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Device- or Server-Centric Biometric Authentication Methods – Which One Shall I Choose?

Biometric-based user authentication hit the mainstream in 2015 with forecasts from my company, Goode Intelligence, predicting that over 120 million used biometrics on their mobile devices to access financial services. This figure is set to rapidly increase as we enter 2016, with organizations across a variety of vertical industries deploying biometric technology to provide convenient methods for people to securely access a wide range of digital services.

The Device-Centric Model

2015 was certainly the year that biometric technology for user authentication went mainstream, thanks to smart mobile devices providing a convenient biometric authenticator. Most major smartphone manufacturers are shipping devices that support biometric authentication and providing access to third-parties via APIs. These advances are enabling organizations to swiftly roll-out mobile-based biometric authentication services. This device-centric model is being adopted by organizations, including banks and payment service providers (PSPs), as a quick way of solving the ”password” problem.

However, the manufacturer-led, device-centric model only solves part of the problem with providing secure and convenient access. Organizations are using this method to test the waters for mobile-based biometric authentication, but they are also looking at alternatives to ensure that an authentication solution is available to a large percentage of their user base. This strategy only offers biometric authentication to those equipped with the latest mobile devices with integrated biometric sensors and secure hardware to store sensitive biometric data.

There are genuine concerns that organizations operating in highly regulated sectors, such as finance and healthcare, can trust a “one-size fits all” model. With this model the capture and storage of biometric identity data is managed by a hardware OEM using algorithms tuned to be more convenient than secure.

The Centralized Architecture Model

One alternative is to adopt a centralized architecture where biometric identity data is captured by trusted means and then stored centrally in a database. This server-centric biometric authentication architecture is managed by the service provider. This ensures that the service provider can control the end-to-end process of biometric authentication, including capture and enrollment. This also supports an omni-channel service where the user can access digital services via a wide range of endpoints –computers, mobile devices, smart TVs, and physical locations (bank branch, enterprise access control and in-store retail scenarios).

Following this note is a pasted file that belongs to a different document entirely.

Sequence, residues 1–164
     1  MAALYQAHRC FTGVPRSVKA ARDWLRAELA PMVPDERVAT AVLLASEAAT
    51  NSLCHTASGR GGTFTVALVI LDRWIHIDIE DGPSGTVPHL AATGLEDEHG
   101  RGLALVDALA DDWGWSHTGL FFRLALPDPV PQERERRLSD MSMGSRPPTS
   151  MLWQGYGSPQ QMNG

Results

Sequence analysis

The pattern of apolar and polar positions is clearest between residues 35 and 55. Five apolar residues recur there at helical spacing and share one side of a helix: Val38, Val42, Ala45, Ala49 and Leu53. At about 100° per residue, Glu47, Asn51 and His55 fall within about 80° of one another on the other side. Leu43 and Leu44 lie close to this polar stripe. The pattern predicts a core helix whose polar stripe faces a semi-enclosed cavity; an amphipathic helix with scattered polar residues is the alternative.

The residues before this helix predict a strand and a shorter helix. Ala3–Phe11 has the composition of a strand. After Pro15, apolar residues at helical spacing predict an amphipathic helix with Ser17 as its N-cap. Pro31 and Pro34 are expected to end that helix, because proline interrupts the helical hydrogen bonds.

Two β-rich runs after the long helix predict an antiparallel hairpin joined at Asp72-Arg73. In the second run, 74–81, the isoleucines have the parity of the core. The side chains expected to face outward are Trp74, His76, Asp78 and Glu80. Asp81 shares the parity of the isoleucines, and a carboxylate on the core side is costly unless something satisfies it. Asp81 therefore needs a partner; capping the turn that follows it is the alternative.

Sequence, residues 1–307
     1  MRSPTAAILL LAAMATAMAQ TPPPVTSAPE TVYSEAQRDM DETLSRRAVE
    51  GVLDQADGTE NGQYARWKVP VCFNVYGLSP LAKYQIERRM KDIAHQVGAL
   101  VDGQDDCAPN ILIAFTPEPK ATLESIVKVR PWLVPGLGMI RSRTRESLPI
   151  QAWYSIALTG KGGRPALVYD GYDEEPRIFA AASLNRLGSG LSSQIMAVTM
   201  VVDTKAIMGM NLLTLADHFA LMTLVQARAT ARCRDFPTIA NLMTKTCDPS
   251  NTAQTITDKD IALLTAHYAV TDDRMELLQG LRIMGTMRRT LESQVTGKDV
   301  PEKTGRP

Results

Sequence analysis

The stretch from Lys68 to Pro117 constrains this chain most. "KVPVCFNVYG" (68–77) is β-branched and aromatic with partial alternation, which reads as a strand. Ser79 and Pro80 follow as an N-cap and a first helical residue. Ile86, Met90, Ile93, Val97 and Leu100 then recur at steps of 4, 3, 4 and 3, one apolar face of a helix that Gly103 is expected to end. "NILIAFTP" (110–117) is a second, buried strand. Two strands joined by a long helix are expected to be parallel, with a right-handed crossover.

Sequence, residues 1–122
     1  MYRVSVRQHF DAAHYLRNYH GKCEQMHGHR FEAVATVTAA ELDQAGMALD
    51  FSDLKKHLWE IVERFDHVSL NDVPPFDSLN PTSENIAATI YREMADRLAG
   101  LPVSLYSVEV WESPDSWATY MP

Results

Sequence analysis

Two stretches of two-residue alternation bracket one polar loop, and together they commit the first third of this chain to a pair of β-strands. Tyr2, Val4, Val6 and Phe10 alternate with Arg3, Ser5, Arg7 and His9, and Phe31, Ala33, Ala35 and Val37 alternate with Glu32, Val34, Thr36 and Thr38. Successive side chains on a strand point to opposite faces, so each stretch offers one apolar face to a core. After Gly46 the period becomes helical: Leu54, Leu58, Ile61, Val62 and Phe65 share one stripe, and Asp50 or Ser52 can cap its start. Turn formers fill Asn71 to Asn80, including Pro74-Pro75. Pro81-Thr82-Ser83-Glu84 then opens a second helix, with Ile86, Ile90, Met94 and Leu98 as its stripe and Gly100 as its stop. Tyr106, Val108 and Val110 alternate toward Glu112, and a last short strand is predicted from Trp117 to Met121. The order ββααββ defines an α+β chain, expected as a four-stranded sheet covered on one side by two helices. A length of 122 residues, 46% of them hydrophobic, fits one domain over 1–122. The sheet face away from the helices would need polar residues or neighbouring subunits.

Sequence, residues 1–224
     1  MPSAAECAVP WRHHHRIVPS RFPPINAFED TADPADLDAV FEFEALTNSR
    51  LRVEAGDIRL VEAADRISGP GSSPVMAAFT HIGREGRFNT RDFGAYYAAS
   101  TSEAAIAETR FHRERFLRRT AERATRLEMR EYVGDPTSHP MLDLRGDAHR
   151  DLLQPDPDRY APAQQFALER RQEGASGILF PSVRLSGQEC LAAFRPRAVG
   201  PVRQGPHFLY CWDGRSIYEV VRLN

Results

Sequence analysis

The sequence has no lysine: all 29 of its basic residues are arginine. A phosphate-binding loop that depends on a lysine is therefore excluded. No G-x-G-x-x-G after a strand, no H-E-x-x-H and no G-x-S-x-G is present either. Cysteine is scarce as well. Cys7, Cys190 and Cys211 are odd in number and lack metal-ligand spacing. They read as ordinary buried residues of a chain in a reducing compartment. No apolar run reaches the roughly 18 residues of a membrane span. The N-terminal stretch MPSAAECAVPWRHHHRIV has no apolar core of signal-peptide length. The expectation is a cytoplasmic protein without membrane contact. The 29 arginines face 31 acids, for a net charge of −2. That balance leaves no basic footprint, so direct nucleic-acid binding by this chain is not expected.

The major problem with this model is security. A server-based biometric database becomes a “honeypot” target for criminals, hostile governments and hacking groups. As the 2015 OPM hack, which led to the theft of millions of United States government personnel fingerprint data, demonstrated, storing people’s biometric data in network accessible databases can lead to the wide scale theft of incredibly personal data.

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A Better Way

The choice of either a device- or server-centric biometric authentication method provides organizations with both positive and negative consequences. There is, however, a better way. One that supports the privacy-centric model of users managing their own biometric data, when stored on their own mobile devices. This method also provides service providers with a mechanism of managing their customers/employees identities without relying on the ecosystem provided by the device manufacturer. This model is the Biometrics Open Protocol Standard, or BOPS, which was adopted as IEEE standard 2410-2015.

The second version of BOPS supports a model where the user’s biometric template is split into two separate vectors and shared between the user’s mobile device and the service provider. Both parts of the biometric vector are encrypted, and in order for the authentication process to be successful, both parts are required.

This biometric authentication method combines convenience, personal privacy, and enhanced security to create a model that makes it harder for criminals and hackers to compromise a system. If the central biometric database is hacked then they still need to have the user device’s half of the biometric vector to break the system. Conversely, if a user has their mobile device compromised then an attacker needs to break into the central database.

This simple and ingenious model solves many of the current problems with biometric authentication systems and I believe it to be a game-changer that will lead to the deployment of flexible, more secure biometric authentication solutions.

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